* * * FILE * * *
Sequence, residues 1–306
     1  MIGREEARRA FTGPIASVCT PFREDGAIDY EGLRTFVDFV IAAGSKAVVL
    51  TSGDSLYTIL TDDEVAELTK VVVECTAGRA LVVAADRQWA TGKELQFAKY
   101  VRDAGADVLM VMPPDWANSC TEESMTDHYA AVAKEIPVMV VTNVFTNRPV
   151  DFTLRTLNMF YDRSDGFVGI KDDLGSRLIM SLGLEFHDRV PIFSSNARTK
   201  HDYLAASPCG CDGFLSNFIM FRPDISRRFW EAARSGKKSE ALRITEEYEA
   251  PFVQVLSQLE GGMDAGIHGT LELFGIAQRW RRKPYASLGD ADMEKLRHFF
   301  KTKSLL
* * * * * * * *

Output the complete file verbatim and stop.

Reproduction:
Sequence, residues 1–306
     1  MIGREEARRA FTGPIASVCT PFREDGAIDY EGLRTFVDFV IAAGSKAVVL
    51  TSGDSLYTIL TDDEVAELTK VVVECTAGRA LVVAADRQWA TGKELQFAKY
   101  VRDAGADVLM VMPPDWANSC TEESMTDHYA AVAKEIPVMV VTNVFTNRPV
   151  DFTLRTLNMF YDRSDGFVGI KDDLGSRLIM SLGLEFHDRV PIFSSNARTK
   201  HDYLAASPCG CDGFLSNFIM FRPDISRRFW EAARSGKKSE ALRITEEYEA
   251  PFVQVLSQLE GGMDAGIHGT LELFGIAQRW RRKPYASLGD ADMEKLRHFF
   301  KTKSLL